Even Greg Glassman admits that too much mixing of endurance and strength training results in poorer results in both areas. He believes though, that the Crossfitway of training better simulates actual sport activities and real-life events such as grappling or fighting, because those events incorporate stregnth and endurance at the same time. Glassman says that while Crossfit athletes may not be able to lift as much as power-lifters or run a 15K as fast as a dedictated runner, they perform better in a wider variety of events and are healthier. He uses rather extreme examples, such as a power-lifter who can deadlift 900 lbs. I agree that someone who can deadlift 900 lbs is probably not that healthy, as they are over-specialized. I would also remind Glassman though, that someone who can lift 900 lbs is probably using illegal anabolic steroids.

The primary problem is the volumn of the Crossfit workouts. While a couple of two or three mile runs a week are unlikely to have much of a negative affect on strength training, smoking yourself everyday certainly will. Also know that while strength is compromised by excessive endurance training, endurance athletes actually gain an advantage from strength trianing, (Paavolainen L, Hakkinen K, Hamalainen I, Nummela A, Rusko H. Explosive-strength training improves 5-km running time by improving running economy and muscle power. J Appl Physiol. 1999 May;86).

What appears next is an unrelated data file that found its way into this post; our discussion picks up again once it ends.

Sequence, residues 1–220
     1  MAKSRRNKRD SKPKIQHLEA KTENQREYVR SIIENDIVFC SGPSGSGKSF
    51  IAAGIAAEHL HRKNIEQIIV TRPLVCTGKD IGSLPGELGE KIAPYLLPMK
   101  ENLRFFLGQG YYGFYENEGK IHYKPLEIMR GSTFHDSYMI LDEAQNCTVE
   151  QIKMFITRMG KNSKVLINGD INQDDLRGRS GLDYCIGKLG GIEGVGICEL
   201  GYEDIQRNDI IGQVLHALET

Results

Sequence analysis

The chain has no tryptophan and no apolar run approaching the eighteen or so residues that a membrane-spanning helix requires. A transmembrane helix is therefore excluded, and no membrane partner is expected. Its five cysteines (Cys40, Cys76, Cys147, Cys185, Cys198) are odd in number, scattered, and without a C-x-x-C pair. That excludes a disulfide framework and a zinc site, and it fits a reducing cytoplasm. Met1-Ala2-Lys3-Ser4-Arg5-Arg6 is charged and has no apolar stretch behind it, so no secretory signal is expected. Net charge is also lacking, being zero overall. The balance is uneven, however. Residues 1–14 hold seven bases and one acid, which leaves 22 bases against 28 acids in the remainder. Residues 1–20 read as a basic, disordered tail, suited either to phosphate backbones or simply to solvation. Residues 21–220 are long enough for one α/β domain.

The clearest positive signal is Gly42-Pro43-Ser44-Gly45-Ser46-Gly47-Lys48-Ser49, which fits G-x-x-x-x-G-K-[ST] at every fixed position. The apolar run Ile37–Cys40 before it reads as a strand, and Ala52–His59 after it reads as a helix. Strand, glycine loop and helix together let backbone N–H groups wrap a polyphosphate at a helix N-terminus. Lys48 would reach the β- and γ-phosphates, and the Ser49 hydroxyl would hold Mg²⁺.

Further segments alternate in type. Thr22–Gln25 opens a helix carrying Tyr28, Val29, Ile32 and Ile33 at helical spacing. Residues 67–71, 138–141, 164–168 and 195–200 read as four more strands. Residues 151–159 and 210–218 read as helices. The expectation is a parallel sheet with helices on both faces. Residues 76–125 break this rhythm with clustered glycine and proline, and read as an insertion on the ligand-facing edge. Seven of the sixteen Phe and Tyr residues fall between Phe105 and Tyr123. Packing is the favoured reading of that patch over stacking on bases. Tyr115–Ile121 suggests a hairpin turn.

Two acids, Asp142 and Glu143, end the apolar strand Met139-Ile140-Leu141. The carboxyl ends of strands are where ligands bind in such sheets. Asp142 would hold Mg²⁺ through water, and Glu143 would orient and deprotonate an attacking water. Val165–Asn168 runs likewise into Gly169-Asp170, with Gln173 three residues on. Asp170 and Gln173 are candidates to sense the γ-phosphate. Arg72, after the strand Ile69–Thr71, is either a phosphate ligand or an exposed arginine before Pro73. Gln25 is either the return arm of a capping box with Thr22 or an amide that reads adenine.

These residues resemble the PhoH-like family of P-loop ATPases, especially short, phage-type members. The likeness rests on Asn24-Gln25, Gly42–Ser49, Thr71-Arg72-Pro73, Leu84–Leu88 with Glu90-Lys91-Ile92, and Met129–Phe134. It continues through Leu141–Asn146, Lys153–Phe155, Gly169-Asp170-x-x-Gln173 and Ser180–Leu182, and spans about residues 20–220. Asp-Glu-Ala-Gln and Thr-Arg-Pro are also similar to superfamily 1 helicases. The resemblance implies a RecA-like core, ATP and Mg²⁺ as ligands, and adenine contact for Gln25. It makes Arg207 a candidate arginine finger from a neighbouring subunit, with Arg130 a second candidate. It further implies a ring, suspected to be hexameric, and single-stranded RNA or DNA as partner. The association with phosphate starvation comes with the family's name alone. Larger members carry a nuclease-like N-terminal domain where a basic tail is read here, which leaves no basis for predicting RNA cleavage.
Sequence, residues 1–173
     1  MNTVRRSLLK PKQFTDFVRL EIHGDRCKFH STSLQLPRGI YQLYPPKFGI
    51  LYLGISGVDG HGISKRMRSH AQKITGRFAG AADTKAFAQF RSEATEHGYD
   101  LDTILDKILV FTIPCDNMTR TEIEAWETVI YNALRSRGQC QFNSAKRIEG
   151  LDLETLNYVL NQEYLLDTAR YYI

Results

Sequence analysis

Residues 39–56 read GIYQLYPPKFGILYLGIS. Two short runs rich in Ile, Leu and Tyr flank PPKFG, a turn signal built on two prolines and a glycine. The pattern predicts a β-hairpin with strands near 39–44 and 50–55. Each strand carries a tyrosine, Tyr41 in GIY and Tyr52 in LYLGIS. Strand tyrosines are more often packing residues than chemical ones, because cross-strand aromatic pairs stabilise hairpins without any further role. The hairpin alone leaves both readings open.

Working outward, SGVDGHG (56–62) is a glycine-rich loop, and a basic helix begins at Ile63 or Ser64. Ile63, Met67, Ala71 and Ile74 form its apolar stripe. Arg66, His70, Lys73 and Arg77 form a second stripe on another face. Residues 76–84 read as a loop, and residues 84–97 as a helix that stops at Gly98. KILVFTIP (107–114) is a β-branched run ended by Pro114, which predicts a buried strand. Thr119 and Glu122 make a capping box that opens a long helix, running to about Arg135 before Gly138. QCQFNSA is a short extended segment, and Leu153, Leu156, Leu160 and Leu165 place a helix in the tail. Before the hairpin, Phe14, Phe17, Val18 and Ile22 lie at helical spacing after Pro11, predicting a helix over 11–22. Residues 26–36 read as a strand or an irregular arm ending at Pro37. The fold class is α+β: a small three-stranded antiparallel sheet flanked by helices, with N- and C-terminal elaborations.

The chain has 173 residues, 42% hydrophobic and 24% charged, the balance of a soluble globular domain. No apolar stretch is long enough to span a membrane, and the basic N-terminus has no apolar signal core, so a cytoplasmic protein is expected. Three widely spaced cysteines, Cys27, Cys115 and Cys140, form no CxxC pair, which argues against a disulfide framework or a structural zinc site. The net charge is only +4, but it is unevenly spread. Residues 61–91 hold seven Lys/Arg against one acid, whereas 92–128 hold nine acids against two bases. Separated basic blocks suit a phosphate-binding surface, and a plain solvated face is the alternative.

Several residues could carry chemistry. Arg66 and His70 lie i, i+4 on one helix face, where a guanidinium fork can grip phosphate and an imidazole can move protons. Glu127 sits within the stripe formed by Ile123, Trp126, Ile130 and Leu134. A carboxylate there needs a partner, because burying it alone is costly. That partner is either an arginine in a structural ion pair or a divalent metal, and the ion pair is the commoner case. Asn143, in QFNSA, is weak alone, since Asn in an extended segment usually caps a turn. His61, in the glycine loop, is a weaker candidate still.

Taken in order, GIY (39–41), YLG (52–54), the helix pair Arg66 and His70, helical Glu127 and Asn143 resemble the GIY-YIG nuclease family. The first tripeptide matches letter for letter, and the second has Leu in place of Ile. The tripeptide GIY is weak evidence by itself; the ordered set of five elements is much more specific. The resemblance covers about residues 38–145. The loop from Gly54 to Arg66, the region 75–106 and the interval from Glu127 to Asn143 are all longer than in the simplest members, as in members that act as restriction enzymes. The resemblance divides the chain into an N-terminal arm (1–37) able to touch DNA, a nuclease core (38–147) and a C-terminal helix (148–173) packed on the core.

But I would not do the strength and endurance training on the same day–every day. Your results can be far better if you separate your training.

Next–a cult-like mentality. Cults are poison and cause people to lose their ability to think for themselves. Many people will ruthlessly follow the appointed WOD, regardless of how they feel or how they are performing. Crossfit has T-Shirts, and the people on the airbase here in Weisbaden Germany who do Crossfit walk around sporting the clothing as if they were declaring tribal affiliation. Many of the Crossfitters around here and online will hear nothing of other training methodologies. Anything else is pure heresy.

There’s health concerns too. Reports of exercise induced death. There’s something called rhabdomyolysis. It’s as bad as it sounds. When a person overdoes exercise, that is a person’s body is not adequately adapted to intense work, his or her muscle tissue can break down and leak into the bloodstream, causing death or permanent disability. Crossfit is intense, to say the least.